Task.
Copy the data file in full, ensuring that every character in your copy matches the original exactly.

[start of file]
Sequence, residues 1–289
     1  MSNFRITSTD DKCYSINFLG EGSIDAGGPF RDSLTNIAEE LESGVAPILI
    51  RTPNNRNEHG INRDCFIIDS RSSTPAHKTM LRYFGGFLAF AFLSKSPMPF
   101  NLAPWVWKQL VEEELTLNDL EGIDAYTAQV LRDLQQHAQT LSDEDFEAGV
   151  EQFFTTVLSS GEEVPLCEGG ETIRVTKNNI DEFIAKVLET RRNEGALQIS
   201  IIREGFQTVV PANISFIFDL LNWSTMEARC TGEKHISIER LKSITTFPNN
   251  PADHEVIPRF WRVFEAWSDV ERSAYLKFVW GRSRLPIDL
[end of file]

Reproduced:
Sequence, residues 1–289
     1  MSNFRITSTD DKCYSINFLG EGSIDAGGPF RDSLTNIAEE LESGVAPILI
    51  RTPNNRNEHG INRDCFIIDS RSSTPAHKTM LRYFGGFLAF AFLSKSPMPF
   101  NLAPWVWKQL VEEELTLNDL EGIDAYTAQV LRDLQQHAQT LSDEDFEAGV
   151  EQFFTTVLSS GEEVPLCEGG ETIRVTKNNI DEFIAKVLET RRNEGALQIS
   201  IIREGFQTVV PANISFIFDL LNWSTMEARC TGEKHISIER LKSITTFPNN
   251  PADHEVIPRF WRVFEAWSDV ERSAYLKFVW GRSRLPIDL